Fast Simple (misss)

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Category: Illumination

Shader Family: Material Phenomenon

Output: Custom

In the real world, many materials are translucent to some extent, and do not immediately reflect light at their surface. Instead, light penetrates the surface and is scattered inside the material before it is either absorbed or transmitted. This effect called "subsurface scattering" greatly enhances the realism of a wide variety of rendered materials, even when used sparingly.

This shader simulates the appearance of subsurface scattering, but not in a physically correct way. As such, it allows you to tune the scattering effect by eye rather than requiring real-world scattering and absorption coefficients (not to mention photon lighting) as does the misss_physical_phen shader.

The Fast Subsurface Scattering shader supports bump mapping and displacement mapping. Although these ports are not exposed in the shader's property editor, they appear in the shader's render tree node, allowing you to connect bump and/or displacement shaders.

Note that if you connect a bump map to the bump map port, the bumping affects only the diffuse lighting component. This is because the various levels of scattering take place below the object's surface, and are not affected by bump mapping.

For more information and images about subsurface scattering, see Fast Subsurface Scattering Effects [Materials and Shaders].

  • To simulate human skin, you can use the Fast Skin (misss), which is a specialized and more complex variant of this shader.

  • Note that fast subsurface scattering effects are not included in the maps generated by the RenderMap tool.


Ambient Color

Controls the color of the ambient illumination component. The ambient component is included in the lightmap, and is scattered like other light.

Overall Color Multiplier

The diffuse component and both scattering components are multiplied by this color value to produce the final scattering-effect color. This can be used in several ways, among them:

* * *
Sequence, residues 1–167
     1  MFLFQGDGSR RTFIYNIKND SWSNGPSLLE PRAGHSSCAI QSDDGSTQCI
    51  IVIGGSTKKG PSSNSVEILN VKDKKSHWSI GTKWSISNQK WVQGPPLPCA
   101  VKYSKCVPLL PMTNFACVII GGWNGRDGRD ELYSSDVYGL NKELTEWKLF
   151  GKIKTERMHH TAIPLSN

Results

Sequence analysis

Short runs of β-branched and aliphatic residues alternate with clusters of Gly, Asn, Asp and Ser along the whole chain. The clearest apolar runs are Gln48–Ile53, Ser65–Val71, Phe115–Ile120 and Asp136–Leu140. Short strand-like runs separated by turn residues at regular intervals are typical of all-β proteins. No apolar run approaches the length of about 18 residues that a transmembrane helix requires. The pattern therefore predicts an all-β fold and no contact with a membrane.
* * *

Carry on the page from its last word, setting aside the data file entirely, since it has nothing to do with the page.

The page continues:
• To brighten or darken the effect overall.

  • To tint the final result.

  • To connect maps that attenuate light. For example, dirt on an object's surface would block most of the scattered light.



Defines the color of the diffuse illumination component. This is normally driven by the object's main surface texture.


Controls the weight of the Diffuse illumination component when it is blended with the other components (ambient, scattering, etc.).



Defines the Specular surface color in the illuminated area of the object. The value is blended with the object's Diffuse and Ambient values.

Specular Decay

Defines the rate at which the specularity decays outward.


Front Scattering


Controls the color for the front surface scattering. The front surface is the side of the object facing the camera, and so front surface scattering is most visible when that side is well lit.


Controls the weight of the front scattering surface when it is blended with the other lighting components (back scattering, diffuse, etc.).


Controls the distance that light scatters along the front surface. This value is measured in scene units, but is divided by the Scale value on the Advanced Settings tab.

Sample Falloff

Defines the falloff profile for light scattered along the radius. Higher values cause a sharper falloff. Lower values cause a smoother falloff but cause the scatter distance to appear shorter, though you can increase the Radius value to compensate.

Back Scattering


Controls the color for the back surface scattering (the light going through the object). The Back surface is the side facing away from the camera. Back scattering is most visible when the object is backlit to some extent, or when light passes directly through the object.